Money Matters @ Indagare in New York City

Our colleagues, wealth advisors Samantha Gorelick, CFP® and Elizabeth Caputo visited with NYC-based travel company Indagare this week, to answer questions from their team on anything money-related. Read on for some of the bullet points that Samantha and Elizabeth recommended.



50-30-20 strategy for take-home pay

  • 50% for fixed expenses (i.e. rent, utilities, car payments)
  • 30% for flexible spending (i.e. clothing, holidays, eating out)
  • 20% for financial goals (i.e. emergency fund, debt, and savings)

    TIP: Don’t forget to include one-off and once-per-year expenses in your budget.

Reducing Debt

  • Know your interest rates! Always prioritize high interest debt first. 
  • Learn if you have “good” debt (student loans) or “bad” debt (credit cards).
  • If your student loan interest rates are more than 6%, consider looking into refinance/ repayment/ forgiveness options.
  • Be mindful of your credit card use. If you cannot pay cash, ask yourself if this is a need or a want.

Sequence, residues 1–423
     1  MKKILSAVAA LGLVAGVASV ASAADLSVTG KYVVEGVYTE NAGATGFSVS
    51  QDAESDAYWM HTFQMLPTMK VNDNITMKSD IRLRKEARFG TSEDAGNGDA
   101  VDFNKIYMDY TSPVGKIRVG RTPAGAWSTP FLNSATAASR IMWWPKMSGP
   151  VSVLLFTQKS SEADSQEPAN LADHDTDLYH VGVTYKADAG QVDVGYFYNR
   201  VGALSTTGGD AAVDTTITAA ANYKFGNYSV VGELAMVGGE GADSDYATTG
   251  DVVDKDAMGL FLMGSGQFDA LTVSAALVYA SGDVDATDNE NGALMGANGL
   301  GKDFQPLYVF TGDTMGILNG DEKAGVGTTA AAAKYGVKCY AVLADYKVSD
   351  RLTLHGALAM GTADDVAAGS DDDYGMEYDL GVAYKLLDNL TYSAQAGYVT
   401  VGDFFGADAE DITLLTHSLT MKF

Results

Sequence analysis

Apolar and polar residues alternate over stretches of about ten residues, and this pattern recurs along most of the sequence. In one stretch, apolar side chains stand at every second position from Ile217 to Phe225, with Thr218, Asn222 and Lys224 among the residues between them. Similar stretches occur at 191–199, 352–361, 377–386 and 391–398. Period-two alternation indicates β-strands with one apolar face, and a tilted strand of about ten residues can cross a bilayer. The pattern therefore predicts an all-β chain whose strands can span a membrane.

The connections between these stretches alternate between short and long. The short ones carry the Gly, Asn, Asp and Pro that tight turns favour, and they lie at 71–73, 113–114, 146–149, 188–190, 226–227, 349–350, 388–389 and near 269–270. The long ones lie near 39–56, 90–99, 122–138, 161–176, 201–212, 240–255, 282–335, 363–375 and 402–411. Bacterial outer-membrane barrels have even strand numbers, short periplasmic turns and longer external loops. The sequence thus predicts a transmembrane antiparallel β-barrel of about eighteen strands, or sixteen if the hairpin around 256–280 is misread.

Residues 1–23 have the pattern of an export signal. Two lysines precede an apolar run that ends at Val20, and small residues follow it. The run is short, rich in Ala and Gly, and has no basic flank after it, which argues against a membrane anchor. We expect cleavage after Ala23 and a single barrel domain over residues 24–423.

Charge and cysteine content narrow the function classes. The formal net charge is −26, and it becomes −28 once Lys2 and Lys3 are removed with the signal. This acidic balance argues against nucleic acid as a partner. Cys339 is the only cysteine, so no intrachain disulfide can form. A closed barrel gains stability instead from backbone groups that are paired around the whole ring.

TIP: A credit card is not a substitute for an emergency fund!

Retirement Planning

  • Many companies offer a 401K option, are you taking advantage of this?
  • The minimum deferral: 3% of your income is a good place to start. The maximum annual deferral is $18,500 (unless you’re age 50+, then it’s $24,500/year).

    Traditional or Roth IRAs are also options for retirement savings

Traditional IRA

  • Great for reducing your current taxable income.
  • However, the funds will be taxed at withdrawal based on whatever your future income tax rate is in retirement.
  • You may make contributions at any income level
  • Annual maximum contribution is $5,500 (unless you’re over age 50, then the max is $6,500)

Roth IRA

  • Contributions are post-tax, so they don’t reduce your current taxable income
  • Advantages are tax free growth AND withdrawals in retirement
  • Annual maximum contribution is $5,500 (unless you’re over age 50, then the max is $6,500)
  • Tax filing status single? You can contribute up to the max as long as your earned income is less than $120,000
  • Tax filing status married filing jointly? You’re eligible to contribute up to the max if your joint income is less than $189,000.
  • There are phase-out levels, ask us for more info!

Investing Questions

  • How much money do I have to invest?
  • What sort of return can I reasonably expect on my investment?
  • What is the timeline of my investment?
  • What goals am I investing for?
  • Know your fiduciary and ask about all fees.